Writing Tips: 25 Rules For Keeping It Short And Snappy

25 Tips For Short, Snappy Writing

The following is an excerpt from "How To Write Short" by Roy Peter Clark [Little, Brown, $20.00]. The author explores not only tweets and statuses, but prayers and haikus, in his instructional book on snappy writing.

In his book "Write Tight," William Brohaugh has a name for this strategy: nonverbal streamlining. “Writing tight involves more than leaving out words,” he writes. “It also involves laying out words – laying them out on the page, the physical presentation of your writing.” Among reliable strategies, Brohaugh lists sidebars, subheads, footnotes, paragraphing, and checklists.

There was a time when Facebook was encouraging its users to list “25 Random Things About Me” on the character, personality, and habits of the individual author. My response at the time was “25 Non-Random Things About Writing Short.” I have slightly revised that list for the purposes of this book, and you will recognize in it – to help you review – some strategies I’ve already covered, but you will also notice some new language and a few new ideas.

1. Keep a journal where you practice short writing.

2. Practice short writing on small surfaces: Post-it notes, index cards, the palm of your hand.

3. A list of twenty-five is not an example of short writing. It’s long writing with twenty-five short parts – which is cool.

4. The short bits make a long list more readable, in part because they generate white space, which pleases the eye.

5. Obey Strunk & White: “Omit needless words.” (As you’ve seen, I changed my mind on this one.)

6. Beware: The infinite space on the Internet encourages airy prose.

7. The shorter the passage, the greater the value of each word.

8. Every short passage should contain one gold coin, a reward for the reader.

9. Obey Donald Murray: “Brevity comes from selection and not compression.”

10. Obey Chip Scanlan: “Focus, focus, focus.”

11. Obey Sir Arthur Quiller-Couch: “Murder your darlings” – that is, have the courage to cut those literary effects that you most like but that do not contribute to the focus.

12. Imagine a short piece from the get-go. Think sonnet, not epic.

13. Cut the weaker elements: adverbs, passive constructions, strings of prepositional phrases, puffy Latinate words.

14. The more powerful the message, the shorter the sentence: “Jesus wept.”

15. Don’t “dump” short messages. Revise, polish, and proof-read everything.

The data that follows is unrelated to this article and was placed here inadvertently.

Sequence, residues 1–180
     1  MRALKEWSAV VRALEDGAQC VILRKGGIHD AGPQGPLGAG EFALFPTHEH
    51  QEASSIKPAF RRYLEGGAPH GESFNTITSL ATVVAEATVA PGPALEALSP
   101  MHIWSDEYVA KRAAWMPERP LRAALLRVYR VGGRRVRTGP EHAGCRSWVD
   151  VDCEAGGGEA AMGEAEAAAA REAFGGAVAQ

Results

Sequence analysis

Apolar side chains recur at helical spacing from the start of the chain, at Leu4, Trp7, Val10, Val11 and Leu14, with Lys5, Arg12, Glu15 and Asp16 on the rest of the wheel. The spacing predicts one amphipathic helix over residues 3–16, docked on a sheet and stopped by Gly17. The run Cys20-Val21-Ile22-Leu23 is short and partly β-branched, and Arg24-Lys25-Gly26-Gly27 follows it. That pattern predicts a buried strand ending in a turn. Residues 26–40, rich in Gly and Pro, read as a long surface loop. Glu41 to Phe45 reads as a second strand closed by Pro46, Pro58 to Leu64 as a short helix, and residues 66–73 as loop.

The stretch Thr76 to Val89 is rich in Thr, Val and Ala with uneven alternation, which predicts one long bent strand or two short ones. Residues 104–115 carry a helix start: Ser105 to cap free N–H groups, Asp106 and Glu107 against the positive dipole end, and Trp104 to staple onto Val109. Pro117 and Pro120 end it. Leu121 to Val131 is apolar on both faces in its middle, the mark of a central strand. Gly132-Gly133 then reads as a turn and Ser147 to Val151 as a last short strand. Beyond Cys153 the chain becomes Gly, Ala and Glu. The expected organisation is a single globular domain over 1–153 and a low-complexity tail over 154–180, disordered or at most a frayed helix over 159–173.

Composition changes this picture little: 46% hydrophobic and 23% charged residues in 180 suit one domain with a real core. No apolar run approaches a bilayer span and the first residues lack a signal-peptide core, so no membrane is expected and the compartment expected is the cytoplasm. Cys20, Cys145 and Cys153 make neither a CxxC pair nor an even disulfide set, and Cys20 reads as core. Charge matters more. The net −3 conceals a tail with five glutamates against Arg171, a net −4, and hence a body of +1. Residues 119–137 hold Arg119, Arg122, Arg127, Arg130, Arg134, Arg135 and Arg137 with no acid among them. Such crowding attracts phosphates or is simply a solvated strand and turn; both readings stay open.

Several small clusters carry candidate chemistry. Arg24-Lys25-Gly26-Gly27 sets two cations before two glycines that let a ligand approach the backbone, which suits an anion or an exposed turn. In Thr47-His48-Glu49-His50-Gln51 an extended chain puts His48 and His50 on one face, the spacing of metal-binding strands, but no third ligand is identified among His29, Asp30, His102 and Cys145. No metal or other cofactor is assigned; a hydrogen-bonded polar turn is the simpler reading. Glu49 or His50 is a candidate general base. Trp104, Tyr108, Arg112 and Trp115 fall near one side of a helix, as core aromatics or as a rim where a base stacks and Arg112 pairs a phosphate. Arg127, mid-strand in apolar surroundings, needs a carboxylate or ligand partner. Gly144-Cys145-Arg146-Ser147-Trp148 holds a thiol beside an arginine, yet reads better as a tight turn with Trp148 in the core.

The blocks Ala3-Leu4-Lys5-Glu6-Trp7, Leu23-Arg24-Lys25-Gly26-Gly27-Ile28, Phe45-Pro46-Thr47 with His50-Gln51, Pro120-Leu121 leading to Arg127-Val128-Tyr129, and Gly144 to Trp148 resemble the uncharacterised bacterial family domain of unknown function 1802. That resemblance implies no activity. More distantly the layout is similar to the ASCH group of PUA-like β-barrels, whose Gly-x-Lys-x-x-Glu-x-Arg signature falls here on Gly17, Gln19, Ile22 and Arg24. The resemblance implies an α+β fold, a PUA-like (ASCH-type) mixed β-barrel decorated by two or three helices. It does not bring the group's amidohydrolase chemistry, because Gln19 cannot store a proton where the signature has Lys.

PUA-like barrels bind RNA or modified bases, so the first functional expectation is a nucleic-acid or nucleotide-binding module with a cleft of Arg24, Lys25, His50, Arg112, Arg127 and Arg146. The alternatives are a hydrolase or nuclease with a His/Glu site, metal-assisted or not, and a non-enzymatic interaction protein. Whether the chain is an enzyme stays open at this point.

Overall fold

16. Try your hand at short literary forms: the haiku or couplet.

17. Read, study, and collect great examples of short writing, from the diaries of Samuel Pepys to the tweets of your favorite peeps.

18. The best place for an important word in a short passage is at the end.

19. Begin the story as close to the end as possible.

20. Food for thought: Study the prose in fortune cookies and on Valentine candy hearts.

21. Cut big, then small. Prune the dead branches before you shake out the dead leaves.

22. Obey Blaise Paschal: you may need more time, not less, to write something good and short.

23. Discuss this editorial: “They say only the good die young. Spanish dictator Francisco Franco died last night at the age of eighty-three. Seems about right.”

24. Write a mission statement for your short writing. Keep it short.

25. Treat all short forms – headlines, captions, blurbs, blog posts, tweets, text messages – as distinctive literary genres.

The list, even a long one, turns out to be a reliable and practical form of short writing. Any page or screen that carries a list will shrink the grayness of a text by expanding the white space. This helps the writer in making decisions about the number of items and their order. The readers then take over, seeing the list at a glance, then deciding whether to move from top to bottom or graze their way through.

Grace Notes

1. The most important effect of any list is creation of white space on the page, making for a relaxed visual environment in which information can be scanned and understood.

2. The best lists give each element the potential to stand alone as an aphorism or tip.

3. Look for opportunities to repeat elements in lists or echo others, as when I ask the reader to “Obey…”

From HOW TO WRITE SHORT, Copyright Roy Peter Clark, courtesy of Little, Brown and Company.

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